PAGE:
The purpose of this analysis is primarily to introduce the subject of some aspects of Ṣūfism as understood and practised among the Malays. A subject of this nature, as far as Malaya and the Malays are concerned, has not been attempted before. By virtue of this fact, one cannot presume to present a comprehensive account that would include both the theoretical and the practical, the doctrinal and the ritual. It is hoped that this work will only be the beginning, and perhaps be regarded as the basis for future research on the subject. In this way, we can hope to understand better the implications, moral, social, and political, of the impact of Sufism upon Malaya and the Malays.
By “Malaya” is meant the Federation of Malaya including the State of Singapore. This study concerns some aspects of Ṣūfism as understood and practised among the Malays, which means that the study is not restricted to the understanding and practice of Ṣūfism among a particular section of the Malays; but is applicable to the Malays of Malaya in general, for both aspects of Sufism are understood and practised without distinction — as they are identical throughout as regards each Ṭarīqah (Ṣūfi Order). Most of the examples that are given and the research that has been undertaken are, however, based upon experiences and studies concentrated mainly, though not entirely, in the State of Johore.
Ṣūfism in its entirety is both a philosophy and a mysticism. Theoretical and practical, doctrinal and ritual Sufism are never separated from one another — in fact there is no ‘other’ — as both these aspects form an indivisible unit. As such, no study of Ṣūfism, viewed from the standpoint of one aspect is adequate even to serve the purpose of a study such as the one that is attempted. In the light of this, the foregoing has for the purposes of exposition only, been divided into three separate parts which parts must indeed form a configuration of the whole. In the first part a brief picture is presented, in historical as well as doctrinal perspective, of the origin, spread, development and culmination of Ṣūfism in Islām, with as concise an explanation as possible, concerning the central core of the Ṣūfi doctrines which is the doctrine of the Unity of Existence (waḥdatu’l wujūd), based upon that of the Unity of God (tawḥīd). The second part is a brief account, based upon personal conclusions drawn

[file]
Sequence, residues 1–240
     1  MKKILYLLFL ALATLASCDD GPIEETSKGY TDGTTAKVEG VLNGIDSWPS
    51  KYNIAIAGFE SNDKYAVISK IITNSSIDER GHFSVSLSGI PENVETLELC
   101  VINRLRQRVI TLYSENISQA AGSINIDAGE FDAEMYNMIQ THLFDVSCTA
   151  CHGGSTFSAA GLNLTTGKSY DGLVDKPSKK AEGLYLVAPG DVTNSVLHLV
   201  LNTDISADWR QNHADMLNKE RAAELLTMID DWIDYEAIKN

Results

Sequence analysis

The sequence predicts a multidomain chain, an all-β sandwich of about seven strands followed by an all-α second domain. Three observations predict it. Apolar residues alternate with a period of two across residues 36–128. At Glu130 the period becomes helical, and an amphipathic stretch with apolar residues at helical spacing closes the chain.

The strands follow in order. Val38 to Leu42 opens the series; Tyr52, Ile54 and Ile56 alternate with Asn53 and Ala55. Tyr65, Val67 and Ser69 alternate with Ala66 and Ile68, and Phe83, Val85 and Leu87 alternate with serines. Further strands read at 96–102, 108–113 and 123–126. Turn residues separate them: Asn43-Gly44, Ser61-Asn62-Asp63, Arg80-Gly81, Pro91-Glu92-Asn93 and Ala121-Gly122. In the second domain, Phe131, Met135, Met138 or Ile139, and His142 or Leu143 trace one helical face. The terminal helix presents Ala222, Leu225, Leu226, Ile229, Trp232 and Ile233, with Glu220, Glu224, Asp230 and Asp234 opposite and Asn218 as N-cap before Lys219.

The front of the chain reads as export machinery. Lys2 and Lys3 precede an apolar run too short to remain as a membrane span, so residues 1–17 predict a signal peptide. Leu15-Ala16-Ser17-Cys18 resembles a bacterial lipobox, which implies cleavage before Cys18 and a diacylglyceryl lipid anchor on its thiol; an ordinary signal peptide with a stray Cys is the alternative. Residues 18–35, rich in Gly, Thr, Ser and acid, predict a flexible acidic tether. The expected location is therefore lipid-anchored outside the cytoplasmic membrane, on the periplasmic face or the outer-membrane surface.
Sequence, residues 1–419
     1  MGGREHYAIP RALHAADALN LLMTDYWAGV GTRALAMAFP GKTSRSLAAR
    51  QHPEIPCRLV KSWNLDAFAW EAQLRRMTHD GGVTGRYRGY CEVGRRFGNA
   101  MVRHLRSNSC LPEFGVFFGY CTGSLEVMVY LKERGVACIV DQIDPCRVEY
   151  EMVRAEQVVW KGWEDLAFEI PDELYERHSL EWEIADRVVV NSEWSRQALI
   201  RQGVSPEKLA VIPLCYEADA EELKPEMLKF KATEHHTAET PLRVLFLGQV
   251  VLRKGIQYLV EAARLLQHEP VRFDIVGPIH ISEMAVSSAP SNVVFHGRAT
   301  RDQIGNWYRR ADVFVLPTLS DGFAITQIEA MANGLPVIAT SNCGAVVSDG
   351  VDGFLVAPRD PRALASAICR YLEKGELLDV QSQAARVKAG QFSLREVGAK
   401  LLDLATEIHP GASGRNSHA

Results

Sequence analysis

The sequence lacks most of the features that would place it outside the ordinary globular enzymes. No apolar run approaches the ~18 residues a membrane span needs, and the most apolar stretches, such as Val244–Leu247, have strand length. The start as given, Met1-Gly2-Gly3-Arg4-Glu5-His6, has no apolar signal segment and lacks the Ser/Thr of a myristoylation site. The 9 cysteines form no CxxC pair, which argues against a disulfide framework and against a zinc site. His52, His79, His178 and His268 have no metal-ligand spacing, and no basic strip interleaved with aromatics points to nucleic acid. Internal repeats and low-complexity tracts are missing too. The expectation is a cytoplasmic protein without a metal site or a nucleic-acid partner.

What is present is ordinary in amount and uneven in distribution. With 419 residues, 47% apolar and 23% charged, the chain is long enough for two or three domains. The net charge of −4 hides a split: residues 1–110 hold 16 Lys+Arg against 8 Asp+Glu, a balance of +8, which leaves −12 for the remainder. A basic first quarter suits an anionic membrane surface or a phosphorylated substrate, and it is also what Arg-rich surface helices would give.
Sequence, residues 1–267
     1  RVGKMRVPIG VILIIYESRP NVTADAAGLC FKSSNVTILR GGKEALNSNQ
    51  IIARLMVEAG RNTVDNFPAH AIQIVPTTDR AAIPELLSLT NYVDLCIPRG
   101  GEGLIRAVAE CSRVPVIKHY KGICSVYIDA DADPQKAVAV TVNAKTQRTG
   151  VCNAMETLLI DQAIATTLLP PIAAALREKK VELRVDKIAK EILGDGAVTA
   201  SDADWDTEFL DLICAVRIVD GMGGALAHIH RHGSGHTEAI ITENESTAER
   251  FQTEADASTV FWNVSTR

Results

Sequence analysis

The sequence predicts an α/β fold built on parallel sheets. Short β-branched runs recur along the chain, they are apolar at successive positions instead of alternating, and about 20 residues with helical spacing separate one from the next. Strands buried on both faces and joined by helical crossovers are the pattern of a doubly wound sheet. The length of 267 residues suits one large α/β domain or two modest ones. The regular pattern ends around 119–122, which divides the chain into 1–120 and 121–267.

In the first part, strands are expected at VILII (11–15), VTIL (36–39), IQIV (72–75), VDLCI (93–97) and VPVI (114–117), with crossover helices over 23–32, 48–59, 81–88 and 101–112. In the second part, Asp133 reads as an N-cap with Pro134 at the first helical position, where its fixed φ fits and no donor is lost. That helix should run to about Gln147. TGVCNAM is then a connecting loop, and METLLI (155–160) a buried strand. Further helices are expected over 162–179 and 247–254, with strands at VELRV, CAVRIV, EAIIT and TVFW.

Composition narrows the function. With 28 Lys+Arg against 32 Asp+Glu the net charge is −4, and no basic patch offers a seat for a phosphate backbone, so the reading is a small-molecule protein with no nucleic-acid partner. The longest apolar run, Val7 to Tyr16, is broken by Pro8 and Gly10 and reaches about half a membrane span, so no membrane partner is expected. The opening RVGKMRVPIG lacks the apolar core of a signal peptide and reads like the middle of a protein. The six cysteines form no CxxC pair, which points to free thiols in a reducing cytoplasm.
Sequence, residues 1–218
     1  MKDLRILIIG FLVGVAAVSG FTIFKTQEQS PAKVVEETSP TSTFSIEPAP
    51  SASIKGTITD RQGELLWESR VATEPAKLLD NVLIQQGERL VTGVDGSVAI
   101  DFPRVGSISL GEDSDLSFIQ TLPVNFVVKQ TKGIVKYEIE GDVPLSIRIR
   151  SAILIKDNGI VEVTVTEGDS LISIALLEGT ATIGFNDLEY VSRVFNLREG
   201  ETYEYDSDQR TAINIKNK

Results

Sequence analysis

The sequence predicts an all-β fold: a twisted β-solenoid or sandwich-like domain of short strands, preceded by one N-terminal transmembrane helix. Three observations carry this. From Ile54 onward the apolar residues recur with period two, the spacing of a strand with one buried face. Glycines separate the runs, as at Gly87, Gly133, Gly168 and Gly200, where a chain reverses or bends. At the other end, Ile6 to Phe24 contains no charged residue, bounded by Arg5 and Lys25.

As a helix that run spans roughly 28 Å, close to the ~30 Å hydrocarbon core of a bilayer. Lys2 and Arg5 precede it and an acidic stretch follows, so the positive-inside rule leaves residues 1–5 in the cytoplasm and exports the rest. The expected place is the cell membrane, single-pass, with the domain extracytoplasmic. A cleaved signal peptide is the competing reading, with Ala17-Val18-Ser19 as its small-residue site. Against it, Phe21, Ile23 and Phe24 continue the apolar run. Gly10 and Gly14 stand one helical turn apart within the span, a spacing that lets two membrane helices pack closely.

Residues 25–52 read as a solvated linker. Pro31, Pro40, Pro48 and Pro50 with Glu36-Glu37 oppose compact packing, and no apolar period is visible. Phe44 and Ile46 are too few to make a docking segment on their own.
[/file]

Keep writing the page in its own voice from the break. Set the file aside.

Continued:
The purpose of this analysis is primarily to introduce the from readings in Malay prose and poetical works of famous Malay mystics of the sixteenth and seventeenth centuries A.D., as they are likely to be the best representatives of theoretical and doctrinal Sufism among the Malays. A considerable portion of the second part (Chapter IV) is given to an account of the Safi Orders in general and the ones existing in Malaya in particular. The third part deals mainly with the practical and ritual aspects of Ṣūfism based upon my findings in existing textbooks and literature on the particular subject and on personal experiences of the ceremonies and practices of the Ṭarīqahs and of their Shaykhs.